“This direct connection of soil microbial health and the health of our own microbiome … is an important but often overlooked concept in addressing both climate change and the chronic disease epidemic.”
Another, less discussed factor of the interconnectedness of planetary and human health includes the microbiota inhabiting the soil and our bodies. The health of our soil is of critical importance in its effect on the nutritional quality of our foods. This is grounded in the relationship between the microbes in the soil and the polyphenol and nutrient content in foods grown in this soil. Pesticide and chemical fertilizer-treated soil often lacks the microbiota that foster the plant’s production of polyphenols and nutrients which are associated with better gut health in humans consuming those plants. This direct connection of soil microbial health and the health of our internal microbiome, which is influenced by the plants we ingest is an important but often overlooked concept in addressing both climate change and the chronic disease epidemic. The microbial ecosystem in the soil is greatly influenced by agricultural practices, in particular by sustainable organic agriculture.
According to the Centers for Disease Control and Prevention, the One Health concept focuses on achieving optimal health outcomes by taking into account the interconnectedness of people, animals, plants and their shared environment. It works at the local, regional, national, and global levels. This multisectoral and transdisciplinary perspective on health is one based on the concept of wholeness rather than separation, with the latter being the case in much of traditional Western medicine. Isolation of a particular symptom rather than the recognition of the interconnectedness of the organism and the environment it lives in most arguably is one of the most prevalent flaws in our current Western healthcare system. With rapidly evolving research in the fields of neuroscience, nutrition, and epigenetics, it has become clear even in Western health sciences that an all-encompassing approach to curing disease will involve more than expensive symptomatic treatments. This approach has to be sustainable and targeted at the root cause of the problem, by addressing diet, exercise, stress management, sleep habits, and social connections.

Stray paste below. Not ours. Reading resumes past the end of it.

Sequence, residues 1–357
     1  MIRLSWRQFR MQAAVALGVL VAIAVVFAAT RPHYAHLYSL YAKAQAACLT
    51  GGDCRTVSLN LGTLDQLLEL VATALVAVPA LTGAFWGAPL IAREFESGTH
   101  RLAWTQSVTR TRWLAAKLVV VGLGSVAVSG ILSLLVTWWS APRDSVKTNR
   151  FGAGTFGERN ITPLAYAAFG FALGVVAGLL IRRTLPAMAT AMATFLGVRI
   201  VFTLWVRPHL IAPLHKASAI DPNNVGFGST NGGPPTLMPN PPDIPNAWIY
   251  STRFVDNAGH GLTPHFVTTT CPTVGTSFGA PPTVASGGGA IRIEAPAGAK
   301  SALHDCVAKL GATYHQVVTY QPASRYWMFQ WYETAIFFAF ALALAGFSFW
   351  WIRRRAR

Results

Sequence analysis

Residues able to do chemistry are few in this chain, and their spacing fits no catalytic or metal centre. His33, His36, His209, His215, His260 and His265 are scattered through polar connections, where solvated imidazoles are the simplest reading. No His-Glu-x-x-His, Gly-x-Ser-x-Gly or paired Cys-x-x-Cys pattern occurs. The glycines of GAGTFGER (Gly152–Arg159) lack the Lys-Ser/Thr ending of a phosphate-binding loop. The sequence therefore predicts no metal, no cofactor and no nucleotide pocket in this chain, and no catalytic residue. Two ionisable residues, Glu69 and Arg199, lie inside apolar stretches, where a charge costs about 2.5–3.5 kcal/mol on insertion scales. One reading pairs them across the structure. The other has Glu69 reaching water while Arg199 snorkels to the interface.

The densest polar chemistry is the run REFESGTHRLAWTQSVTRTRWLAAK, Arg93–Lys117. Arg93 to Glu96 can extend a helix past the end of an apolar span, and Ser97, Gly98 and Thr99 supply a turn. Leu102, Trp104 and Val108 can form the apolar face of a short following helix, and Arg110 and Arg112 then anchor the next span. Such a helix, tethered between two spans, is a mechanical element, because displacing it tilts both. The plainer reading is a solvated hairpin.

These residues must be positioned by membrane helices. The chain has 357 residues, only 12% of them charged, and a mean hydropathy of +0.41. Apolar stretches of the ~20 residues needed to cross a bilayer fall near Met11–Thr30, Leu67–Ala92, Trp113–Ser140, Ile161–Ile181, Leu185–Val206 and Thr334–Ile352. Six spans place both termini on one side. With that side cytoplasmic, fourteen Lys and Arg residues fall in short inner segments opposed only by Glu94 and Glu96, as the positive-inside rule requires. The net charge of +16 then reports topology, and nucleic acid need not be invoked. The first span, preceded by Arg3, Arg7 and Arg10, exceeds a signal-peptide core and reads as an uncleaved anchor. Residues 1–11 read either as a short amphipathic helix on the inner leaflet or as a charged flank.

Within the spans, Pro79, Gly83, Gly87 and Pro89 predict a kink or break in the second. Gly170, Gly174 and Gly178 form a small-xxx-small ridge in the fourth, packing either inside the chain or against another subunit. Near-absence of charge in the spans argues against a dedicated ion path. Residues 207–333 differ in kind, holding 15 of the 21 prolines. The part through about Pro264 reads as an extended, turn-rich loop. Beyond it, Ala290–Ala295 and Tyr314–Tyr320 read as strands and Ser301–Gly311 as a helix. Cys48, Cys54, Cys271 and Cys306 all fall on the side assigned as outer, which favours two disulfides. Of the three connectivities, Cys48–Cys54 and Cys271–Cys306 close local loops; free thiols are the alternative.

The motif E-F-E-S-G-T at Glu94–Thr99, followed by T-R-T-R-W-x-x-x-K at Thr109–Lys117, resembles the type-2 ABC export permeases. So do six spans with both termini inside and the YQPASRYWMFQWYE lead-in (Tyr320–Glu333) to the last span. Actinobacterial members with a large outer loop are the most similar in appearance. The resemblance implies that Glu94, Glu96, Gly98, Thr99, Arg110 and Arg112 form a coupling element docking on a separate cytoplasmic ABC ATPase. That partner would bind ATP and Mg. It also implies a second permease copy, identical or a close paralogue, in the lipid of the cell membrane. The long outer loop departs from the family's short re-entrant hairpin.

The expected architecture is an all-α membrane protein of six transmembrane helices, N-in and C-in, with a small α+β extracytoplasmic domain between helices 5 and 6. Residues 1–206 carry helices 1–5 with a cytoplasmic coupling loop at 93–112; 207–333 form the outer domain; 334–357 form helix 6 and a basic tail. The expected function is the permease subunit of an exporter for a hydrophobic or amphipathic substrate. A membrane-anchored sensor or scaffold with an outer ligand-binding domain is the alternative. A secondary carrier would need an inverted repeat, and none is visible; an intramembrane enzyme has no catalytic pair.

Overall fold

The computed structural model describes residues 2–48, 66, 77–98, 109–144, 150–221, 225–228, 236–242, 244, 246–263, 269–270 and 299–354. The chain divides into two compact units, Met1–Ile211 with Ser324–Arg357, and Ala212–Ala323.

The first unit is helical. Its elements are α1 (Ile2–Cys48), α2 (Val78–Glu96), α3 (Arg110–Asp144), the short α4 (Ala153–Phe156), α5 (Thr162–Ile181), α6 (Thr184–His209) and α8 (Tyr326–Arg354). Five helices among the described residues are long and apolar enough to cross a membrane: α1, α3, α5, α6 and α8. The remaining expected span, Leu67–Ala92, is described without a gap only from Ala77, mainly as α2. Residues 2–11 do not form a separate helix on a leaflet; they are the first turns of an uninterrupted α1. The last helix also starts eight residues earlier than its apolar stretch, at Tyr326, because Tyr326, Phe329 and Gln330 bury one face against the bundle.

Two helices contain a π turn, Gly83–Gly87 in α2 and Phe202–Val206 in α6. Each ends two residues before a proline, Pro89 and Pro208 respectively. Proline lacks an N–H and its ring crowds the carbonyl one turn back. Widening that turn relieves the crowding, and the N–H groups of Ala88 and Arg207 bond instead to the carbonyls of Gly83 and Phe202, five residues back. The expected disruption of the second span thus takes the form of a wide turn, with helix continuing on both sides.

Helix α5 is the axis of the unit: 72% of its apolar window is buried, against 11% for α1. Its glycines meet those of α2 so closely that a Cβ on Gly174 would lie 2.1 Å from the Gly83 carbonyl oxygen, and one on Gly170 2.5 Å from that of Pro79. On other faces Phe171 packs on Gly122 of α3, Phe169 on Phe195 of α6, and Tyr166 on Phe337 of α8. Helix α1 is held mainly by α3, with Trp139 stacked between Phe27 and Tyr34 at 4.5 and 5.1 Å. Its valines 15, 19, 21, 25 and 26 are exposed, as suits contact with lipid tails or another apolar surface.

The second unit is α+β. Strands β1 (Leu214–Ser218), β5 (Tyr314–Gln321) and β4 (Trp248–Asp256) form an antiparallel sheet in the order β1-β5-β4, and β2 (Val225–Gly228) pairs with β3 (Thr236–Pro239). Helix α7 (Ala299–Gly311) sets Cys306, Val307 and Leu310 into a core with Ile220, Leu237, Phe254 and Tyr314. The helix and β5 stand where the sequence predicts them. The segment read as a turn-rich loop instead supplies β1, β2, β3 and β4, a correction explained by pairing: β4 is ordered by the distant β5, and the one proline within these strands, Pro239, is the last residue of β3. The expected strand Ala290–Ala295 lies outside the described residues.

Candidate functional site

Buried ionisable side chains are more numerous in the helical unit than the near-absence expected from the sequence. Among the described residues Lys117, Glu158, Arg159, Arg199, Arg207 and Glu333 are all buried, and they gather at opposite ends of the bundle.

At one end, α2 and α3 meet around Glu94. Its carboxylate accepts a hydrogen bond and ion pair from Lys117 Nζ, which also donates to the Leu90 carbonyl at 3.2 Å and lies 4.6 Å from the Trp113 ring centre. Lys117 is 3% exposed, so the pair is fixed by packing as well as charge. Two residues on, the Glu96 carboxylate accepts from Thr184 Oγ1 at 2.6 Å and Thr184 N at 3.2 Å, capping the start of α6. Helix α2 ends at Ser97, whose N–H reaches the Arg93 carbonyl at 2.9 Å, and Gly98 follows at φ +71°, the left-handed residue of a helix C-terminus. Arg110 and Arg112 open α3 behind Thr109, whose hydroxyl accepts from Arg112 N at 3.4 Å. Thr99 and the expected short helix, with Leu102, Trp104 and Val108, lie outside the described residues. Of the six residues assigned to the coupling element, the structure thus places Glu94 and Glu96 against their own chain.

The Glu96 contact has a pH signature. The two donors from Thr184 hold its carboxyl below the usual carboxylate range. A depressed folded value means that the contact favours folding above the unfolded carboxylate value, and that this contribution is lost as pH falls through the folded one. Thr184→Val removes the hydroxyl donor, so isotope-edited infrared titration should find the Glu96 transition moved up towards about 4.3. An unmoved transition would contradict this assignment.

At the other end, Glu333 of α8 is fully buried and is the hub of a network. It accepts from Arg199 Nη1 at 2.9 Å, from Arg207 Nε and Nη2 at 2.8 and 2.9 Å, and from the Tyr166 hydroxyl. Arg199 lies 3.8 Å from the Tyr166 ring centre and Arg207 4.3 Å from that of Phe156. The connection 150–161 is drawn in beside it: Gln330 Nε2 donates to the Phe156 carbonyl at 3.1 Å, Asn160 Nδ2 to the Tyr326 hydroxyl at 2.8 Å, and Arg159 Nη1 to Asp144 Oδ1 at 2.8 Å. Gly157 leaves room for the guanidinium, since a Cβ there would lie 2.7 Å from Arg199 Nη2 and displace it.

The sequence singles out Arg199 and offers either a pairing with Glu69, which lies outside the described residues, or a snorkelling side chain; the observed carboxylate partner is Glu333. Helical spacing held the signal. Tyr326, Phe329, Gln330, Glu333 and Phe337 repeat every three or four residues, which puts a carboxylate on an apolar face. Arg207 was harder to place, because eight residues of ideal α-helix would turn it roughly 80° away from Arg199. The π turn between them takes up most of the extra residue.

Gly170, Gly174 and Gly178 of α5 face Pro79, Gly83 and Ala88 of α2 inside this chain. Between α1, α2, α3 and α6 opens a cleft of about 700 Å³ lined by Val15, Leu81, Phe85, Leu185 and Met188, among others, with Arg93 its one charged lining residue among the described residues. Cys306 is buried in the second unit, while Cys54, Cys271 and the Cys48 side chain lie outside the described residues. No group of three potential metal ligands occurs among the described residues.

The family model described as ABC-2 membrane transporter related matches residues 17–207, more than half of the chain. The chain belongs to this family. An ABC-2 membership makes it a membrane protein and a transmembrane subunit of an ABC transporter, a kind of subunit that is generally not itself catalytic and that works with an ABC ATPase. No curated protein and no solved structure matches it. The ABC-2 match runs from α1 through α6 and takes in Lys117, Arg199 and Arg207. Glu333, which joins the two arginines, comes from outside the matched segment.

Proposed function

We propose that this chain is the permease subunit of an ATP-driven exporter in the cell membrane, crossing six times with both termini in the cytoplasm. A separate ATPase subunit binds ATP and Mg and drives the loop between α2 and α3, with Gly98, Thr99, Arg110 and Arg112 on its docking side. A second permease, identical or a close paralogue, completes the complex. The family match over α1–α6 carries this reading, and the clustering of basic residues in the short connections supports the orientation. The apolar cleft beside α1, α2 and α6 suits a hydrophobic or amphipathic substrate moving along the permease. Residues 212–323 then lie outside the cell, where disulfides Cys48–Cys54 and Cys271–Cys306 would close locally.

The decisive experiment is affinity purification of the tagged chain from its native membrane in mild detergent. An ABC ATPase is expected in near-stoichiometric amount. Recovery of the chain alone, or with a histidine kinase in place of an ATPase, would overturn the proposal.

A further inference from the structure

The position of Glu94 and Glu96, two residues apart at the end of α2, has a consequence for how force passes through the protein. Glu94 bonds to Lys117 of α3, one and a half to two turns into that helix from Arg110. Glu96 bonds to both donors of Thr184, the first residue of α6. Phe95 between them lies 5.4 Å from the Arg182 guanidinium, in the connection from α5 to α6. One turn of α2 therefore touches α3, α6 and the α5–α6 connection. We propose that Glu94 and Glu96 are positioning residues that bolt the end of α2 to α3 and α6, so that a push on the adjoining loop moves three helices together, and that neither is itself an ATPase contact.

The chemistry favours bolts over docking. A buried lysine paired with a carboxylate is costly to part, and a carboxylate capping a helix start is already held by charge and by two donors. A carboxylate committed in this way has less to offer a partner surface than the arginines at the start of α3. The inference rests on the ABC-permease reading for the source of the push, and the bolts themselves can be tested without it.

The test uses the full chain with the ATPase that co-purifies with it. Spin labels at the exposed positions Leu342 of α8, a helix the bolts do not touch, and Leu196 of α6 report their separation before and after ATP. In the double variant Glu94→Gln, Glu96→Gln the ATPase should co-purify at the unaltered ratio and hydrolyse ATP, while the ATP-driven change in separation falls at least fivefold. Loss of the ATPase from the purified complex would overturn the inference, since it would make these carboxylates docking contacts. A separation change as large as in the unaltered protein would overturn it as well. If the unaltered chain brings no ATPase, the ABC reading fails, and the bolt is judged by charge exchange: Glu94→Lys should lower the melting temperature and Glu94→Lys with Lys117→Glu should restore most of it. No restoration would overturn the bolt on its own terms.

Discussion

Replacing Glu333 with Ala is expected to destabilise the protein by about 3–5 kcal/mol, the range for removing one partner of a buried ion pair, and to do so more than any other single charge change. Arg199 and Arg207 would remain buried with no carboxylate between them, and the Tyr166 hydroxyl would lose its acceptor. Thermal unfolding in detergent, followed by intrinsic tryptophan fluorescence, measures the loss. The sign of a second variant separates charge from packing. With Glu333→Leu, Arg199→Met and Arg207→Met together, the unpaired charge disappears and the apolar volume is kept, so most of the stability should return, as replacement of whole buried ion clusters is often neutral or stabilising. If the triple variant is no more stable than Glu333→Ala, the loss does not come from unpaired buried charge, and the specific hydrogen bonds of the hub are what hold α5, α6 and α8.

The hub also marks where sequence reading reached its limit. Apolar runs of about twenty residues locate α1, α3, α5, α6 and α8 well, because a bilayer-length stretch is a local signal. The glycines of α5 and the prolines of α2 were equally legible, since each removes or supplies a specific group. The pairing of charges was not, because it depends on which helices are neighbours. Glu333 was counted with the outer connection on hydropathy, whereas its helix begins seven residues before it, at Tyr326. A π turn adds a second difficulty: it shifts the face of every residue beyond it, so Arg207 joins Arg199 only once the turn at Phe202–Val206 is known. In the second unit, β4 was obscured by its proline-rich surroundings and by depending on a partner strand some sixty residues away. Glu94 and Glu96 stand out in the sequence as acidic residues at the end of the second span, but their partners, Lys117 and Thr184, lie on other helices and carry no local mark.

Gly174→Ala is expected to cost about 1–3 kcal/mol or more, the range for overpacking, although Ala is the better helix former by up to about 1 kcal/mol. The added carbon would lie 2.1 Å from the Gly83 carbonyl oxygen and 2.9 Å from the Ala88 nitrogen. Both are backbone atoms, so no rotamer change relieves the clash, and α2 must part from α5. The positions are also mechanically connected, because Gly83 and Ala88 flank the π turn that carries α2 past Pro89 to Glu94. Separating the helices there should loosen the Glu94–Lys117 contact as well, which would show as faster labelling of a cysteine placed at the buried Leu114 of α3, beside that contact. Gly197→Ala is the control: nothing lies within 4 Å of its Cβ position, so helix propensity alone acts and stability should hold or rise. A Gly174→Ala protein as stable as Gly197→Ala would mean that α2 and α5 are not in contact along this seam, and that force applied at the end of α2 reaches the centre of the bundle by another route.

The insights gained about the benefits of nutritional approaches based on organically and sustainable grown plant-based foods should be incorporated into public outreach, education of health professionals, and policy making. The One Health concept makes intuitive sense to anyone who resonates with the fact that we are a part of nature, and given that, interconnected with our environment at every level.
Jill Horn is a recent UCLA graduate with a degree in Neuroscience. She is deeply interested in the interconnectedness of body, mind, and spirit takes an integrative approach to health and well-being. She aspires to the public about a research-based lifestyle and mindset that promote health. Jill also deeply resonates with the One Health concept, which emphasizes the interdependence of the health of people and the health of our planet, given the climate crisis we are facing.